The House considered its own LSC legislation, which included $40 million more than the Senate version. But it also maintained many of the speech restrictions, except for the one pertaining to attorneys’ fees.
One Step Closer to Equal Justice for All (by Nicole Austin-Hillery, Brennan Center for Justice)
LSC Rocked by Numerous Allegations
In 2006, legal advocates sent a letter to the inspector general of the Legal Services Corporation (LSC) asking for an investigation into numerous complaints regarding the spending and delivery of legal services by offices funded by the corporation. Complaints included:
The inspector general, Kirk West, opened an investigation and found LSC directors had spent excessively on extravagant meals and transportation. He also reported the corporation had overpaid by nearly $1.8 million on its 10-year lease at its new headquarters in an upscale Georgetown neighborhood.
In response to West’s findings, the LSC board privately debated whether to fire the auditor. The corporation’s meeting transcripts showed that board members made disparaging remarks about West and discussed how to fire him.
After learning that the board was secretly discussing firing West, several U.S. senators sent a letter warning the board’s chairman, Frank Strickland, that firing West, “would be an egregious action in light of the fact that Mr. West is investigating you.”
Federal Legal-Services Agency Disparaged Whistleblower (Philanthropy Today)
Legal Services Corporation Abuses (by Terri Lynn Tersak and Charles E. Corry, Domestic Violence Against Men In Colorado)
Legal Aid Centers Sue LSC over Restrictions
Since 1996, when Congress and President Bill Clinton adopted the landmark welfare reform plan, the LSC has placed severe restrictions how its funds can be used and extended these restrictions to private funds raised by legal services programs. In December 2001 four legal service programs in New York City, a private charity and pro bono attorney filed suit against the LSC challenging the constitutionality of restrictions.
On December 20, 2004, the U.S. District Court for the Eastern District of New York struck down the restrictions on private funding of legal aid groups. But the judge denied the plaintiffs’ challenge to the restrictions on direct LSC funding.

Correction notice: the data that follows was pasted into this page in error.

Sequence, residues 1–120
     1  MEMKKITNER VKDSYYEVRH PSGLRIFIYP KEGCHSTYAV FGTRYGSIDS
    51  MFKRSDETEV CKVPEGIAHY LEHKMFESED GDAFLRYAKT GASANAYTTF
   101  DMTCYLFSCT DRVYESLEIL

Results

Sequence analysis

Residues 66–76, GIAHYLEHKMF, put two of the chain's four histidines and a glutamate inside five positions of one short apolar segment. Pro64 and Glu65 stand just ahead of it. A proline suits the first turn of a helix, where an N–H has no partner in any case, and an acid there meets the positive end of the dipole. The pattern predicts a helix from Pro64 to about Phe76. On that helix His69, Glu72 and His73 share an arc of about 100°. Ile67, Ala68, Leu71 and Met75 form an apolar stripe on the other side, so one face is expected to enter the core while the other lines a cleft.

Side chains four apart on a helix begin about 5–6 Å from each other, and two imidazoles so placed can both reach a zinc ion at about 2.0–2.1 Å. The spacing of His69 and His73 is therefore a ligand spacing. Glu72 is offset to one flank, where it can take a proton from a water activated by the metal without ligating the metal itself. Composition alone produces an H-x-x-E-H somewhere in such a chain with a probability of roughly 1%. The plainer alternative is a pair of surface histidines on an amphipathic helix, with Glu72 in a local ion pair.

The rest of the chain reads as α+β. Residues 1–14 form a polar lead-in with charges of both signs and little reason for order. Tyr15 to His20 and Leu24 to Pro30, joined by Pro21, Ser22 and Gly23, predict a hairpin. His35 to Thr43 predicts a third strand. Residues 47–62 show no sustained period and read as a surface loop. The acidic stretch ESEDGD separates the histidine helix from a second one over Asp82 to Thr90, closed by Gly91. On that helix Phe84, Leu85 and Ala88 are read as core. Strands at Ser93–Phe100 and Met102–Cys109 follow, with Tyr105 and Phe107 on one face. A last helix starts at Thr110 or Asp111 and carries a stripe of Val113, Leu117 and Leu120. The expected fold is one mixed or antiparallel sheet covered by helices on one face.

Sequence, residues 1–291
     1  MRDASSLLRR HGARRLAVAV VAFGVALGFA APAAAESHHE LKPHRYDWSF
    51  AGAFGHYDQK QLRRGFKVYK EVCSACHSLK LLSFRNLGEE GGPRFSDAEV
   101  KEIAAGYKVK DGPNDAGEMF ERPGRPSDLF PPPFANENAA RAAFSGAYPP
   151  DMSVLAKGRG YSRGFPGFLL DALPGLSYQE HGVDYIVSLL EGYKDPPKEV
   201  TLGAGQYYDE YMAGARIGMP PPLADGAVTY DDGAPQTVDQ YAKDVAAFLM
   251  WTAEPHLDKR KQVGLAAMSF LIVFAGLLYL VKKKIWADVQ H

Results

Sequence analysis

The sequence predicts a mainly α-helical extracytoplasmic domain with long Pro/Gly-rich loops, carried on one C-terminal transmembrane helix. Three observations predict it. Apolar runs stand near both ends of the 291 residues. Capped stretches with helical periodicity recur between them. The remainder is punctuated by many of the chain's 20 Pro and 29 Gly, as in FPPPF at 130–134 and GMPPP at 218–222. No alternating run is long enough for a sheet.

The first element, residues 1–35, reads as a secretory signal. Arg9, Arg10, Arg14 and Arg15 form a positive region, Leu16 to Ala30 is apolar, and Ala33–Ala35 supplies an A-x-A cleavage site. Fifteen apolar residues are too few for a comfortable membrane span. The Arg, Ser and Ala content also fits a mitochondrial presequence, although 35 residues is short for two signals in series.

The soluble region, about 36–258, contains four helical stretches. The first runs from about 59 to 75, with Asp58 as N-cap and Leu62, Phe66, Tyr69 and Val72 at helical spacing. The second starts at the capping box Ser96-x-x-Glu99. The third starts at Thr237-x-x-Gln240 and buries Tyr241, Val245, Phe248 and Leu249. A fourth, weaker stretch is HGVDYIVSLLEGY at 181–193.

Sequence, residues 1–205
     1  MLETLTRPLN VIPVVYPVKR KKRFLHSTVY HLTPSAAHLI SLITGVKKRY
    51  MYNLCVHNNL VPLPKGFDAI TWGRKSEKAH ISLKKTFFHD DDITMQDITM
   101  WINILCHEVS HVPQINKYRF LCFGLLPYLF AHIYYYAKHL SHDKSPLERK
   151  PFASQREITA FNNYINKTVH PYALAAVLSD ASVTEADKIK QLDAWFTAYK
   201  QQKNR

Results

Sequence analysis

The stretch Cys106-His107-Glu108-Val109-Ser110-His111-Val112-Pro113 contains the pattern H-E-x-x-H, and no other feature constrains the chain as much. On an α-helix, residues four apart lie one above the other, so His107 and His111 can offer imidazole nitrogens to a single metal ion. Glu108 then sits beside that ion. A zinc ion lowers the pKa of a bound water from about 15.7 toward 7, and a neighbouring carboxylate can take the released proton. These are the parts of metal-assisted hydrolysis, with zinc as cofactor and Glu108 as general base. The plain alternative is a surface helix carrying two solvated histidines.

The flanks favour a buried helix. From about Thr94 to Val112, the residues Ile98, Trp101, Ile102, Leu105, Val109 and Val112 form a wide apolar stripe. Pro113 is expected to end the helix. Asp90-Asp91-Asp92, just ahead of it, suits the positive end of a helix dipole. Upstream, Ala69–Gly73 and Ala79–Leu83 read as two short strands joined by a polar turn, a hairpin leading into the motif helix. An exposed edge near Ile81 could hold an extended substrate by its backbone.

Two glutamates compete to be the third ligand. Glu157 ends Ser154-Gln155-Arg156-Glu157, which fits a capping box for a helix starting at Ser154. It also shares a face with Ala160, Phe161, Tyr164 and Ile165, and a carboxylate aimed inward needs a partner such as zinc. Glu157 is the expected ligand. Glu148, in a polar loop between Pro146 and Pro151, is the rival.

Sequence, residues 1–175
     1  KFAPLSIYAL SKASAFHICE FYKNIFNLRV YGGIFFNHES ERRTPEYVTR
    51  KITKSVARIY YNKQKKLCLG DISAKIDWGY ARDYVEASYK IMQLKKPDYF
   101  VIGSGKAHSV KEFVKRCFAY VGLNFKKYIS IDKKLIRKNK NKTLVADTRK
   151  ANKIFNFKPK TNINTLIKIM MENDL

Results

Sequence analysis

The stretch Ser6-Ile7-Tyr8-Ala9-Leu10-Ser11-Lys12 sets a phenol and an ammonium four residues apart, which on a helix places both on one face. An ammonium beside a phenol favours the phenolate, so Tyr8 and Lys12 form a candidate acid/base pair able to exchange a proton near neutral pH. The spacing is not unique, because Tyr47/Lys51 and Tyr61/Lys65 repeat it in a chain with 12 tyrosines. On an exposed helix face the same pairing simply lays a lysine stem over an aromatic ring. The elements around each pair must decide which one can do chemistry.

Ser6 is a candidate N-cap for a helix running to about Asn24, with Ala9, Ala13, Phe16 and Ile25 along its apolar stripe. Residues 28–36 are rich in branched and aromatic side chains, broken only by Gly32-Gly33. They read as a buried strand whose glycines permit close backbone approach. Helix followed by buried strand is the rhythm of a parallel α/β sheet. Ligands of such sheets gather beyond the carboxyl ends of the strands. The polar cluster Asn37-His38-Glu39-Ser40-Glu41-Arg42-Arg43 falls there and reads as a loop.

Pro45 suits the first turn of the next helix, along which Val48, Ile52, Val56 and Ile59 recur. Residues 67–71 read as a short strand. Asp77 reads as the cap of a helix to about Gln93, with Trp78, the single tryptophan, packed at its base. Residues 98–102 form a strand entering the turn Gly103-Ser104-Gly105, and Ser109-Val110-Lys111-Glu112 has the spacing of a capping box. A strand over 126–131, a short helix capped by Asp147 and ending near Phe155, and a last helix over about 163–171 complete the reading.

There has been an increase in efforts to overturn the LSC funding restrictions since 2009. That year, Sen. Tom Harkin (D-Iowa) introduced the Civil Access to Justice Act of 2009 that ends the restrictions on the use of non-federal funds by LSC grantees, with several exceptions, including those related to abortion litigation. The bill did not become law.
Dobbins/Velazquez v. Legal Services Corporation (Brennan Center for Justice)
Give Legal Aid More Freedom to Help the Poor (Editorial, Washington Post)
GAO: LSC Suffering Numerous Accounting Problems
In May 2008, the Government Accountability Office (GAO) released its review of the Legal Services Corporation’s (LSC) fiscal operations and its discovery of numerous problems. It found that the agency had not kept up with evolving reforms aimed at strengthening internal control over the organization’s financial reporting process and systems. Had the LSC done so, it might have prevented recent incidents of excess payments, questionable expenditures, and potential conflicts of interest. In addition, it had not kept up with current management practices, including those involving risk assessment, internal control and financial reporting. Furthermore, the corporation had not formally assessed the risks to the safeguarding of its assets and maintaining the effectiveness and efficiency of its operations. The GAO also found weaknesses in LSC internal controls over grants management and oversight of grantees that negatively affected its ability to provide assurance that grant funds were being used for their intended purposes in compliance with federal laws and regulations.